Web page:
In Q1, Post generated an operating profit margin of 10.6%, in line with the same quarter last year. This indicates the company's costs have been relatively stable.Zooming out, Post has done a decent job managing its expenses over the last eight quarters. The company has produced an average operating margin of 9.1%, higher than the broader consumer staples sector. On top of that, its margin has risen by 1.1 percentage points on average over the last year, showing the company is improving its fundamentals. The company's operating profitability was particularly impressive because of its low gross margin, which is mostly a factor of what it sells and takes tectonic shifts to move meaningfully. Companies have more control over their operating margins, and it signals strength if they're high when gross margins are low (like for Post).
Earnings growth is a critical metric to track, but for long-term shareholders, earnings per share (EPS) is more telling because it accounts for dilution and share repurchases.
In Q1, Post reported EPS at $1.69, up from $1.08 in the same quarter a year ago. This print beat Wall Street's estimates by 53.4%.
Between FY2021 and FY2024, Post's EPS grew 172%, translating into an astounding 39.7% compounded annual growth rate. This growth is materially higher than its revenue growth over the same period, showing that Post has excelled in managing its expenses.
Over the next 12 months, however, Wall Street is projecting an average 13.7% year-on-year decline in EPS.
Cash Is King
If you've followed StockStory for a while, you know we emphasize free cash flow. Why, you ask? We believe that in the end, cash is king, and you can't use accounting profits to pay the bills.
Post's free cash flow came in at $174.4 million in Q1, up 279% year on year. This result represents a 8.9% margin.
Over the last eight quarters, Post has shown mediocre cash profitability, putting it in a pinch as it gives the company limited opportunities to reinvest, pay down debt, or return capital to shareholders. Its free cash flow margin has averaged 4.8%, subpar for a consumer staples business. However, its margin has averaged year-on-year increases of 5.7 percentage points over the last 12 months. Continued momentum should improve its cash flow prospects.
Return on Invested Capital (ROIC)
EPS and free cash flow tell us whether a company's revenue growth was profitable. But was it capital-efficient? If two companies had equal growth, we’d prefer the one with lower reinvestment requirements.
Enter ROIC, a metric showing how much operating profit a company generates relative to its invested capital (debt and equity). ROIC not only gauges the ability to grow profits but also a management team's ability to allocate limited resources.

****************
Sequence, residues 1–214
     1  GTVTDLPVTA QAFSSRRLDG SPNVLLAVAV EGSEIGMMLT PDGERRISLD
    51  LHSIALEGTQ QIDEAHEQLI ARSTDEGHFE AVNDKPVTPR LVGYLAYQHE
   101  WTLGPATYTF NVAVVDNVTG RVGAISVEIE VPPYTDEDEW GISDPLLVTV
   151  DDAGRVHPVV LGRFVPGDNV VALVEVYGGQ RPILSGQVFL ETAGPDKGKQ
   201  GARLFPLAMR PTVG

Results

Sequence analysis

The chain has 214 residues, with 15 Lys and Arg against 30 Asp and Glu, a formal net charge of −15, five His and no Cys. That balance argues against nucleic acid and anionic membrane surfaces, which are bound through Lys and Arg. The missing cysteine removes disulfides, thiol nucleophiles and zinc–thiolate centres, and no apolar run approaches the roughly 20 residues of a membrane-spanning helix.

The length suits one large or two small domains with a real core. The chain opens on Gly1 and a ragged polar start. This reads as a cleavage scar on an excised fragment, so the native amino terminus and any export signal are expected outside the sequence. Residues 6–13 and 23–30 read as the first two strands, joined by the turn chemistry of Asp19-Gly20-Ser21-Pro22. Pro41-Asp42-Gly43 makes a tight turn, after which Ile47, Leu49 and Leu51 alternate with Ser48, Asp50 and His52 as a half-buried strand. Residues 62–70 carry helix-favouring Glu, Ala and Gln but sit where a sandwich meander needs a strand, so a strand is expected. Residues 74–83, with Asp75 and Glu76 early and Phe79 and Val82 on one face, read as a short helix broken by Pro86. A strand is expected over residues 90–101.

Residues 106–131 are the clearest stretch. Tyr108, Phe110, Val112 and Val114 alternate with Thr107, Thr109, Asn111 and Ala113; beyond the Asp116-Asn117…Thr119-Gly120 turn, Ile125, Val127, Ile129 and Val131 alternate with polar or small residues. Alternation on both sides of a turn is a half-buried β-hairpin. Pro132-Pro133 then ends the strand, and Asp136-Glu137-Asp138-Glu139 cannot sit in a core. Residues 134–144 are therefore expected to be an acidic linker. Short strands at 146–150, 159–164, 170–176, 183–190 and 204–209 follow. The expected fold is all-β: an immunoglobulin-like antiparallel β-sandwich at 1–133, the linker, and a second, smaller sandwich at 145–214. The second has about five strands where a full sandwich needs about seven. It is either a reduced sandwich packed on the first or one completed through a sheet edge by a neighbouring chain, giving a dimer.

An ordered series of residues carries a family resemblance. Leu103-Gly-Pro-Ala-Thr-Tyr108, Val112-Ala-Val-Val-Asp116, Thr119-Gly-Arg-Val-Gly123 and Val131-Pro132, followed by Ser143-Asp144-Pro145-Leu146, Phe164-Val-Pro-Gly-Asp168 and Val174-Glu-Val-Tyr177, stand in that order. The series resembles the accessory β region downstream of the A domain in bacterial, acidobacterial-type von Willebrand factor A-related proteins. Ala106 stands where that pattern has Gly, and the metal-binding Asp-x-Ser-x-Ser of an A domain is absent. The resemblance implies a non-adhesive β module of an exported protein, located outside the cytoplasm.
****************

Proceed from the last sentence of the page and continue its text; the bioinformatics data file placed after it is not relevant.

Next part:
Post's five-year average ROIC was 6.1%, somewhat low compared to the best consumer staples companies that consistently pump out 20%+. Its returns suggest it historically did a subpar job investing in profitable growth initiatives.
The trend in its ROIC, however, is often what surprises the market and drives the stock price. Unfortunately, over the last two years, Post's ROIC has averaged a 2.3 percentage point decrease each year. In conjunction with its already low returns, these declines are a red flag and suggest the company's profitable investment opportunities are fewer than in the past.
Key Takeaways from Post's Q1 Results
We were impressed by how significantly Post blew past analysts' gross margin, operating profit, EBITDA, and EPS expectations this quarter. Its revenue growth also topped estimates, driven by strong top-line performance in its Post Consumer segment ($989 million of revenue vs consensus estimates of $905 million), which consists of ready-to-eat (“RTE”) cereal, pet food, and peanut butter. The company also raised its full-year 2024 EBITDA guidance to $1,315 million at the midpoint and announced a new $400 million share repurchase authorization, putting a stamp on a fantastic "beat-and-raise" quarter. Shareholders should be satisfied. The stock is up 4.8% after reporting and currently trades at $98.33 per share.
Is Now The Time?
Post may have had a good quarter, but investors should also consider its valuation and business qualities when assessing the investment opportunity.
We cheer for all companies serving consumers, but in the case of Post, we'll be cheering from the sidelines. Although its revenue growth has been decent over the last three years and its growth over the next 12 months is expected to accelerate, its projected EPS for the next year is lacking. And while its average annual EPS growth over the last three years has been fantastic, the downside is its shrinking sales volumes suggest it'll need to change its strategy to succeed.
Post's price-to-earnings ratio based on the next 12 months is 18.3x. While the price is reasonable and there are some things to like about Post, we think there are better opportunities elsewhere in the market right now.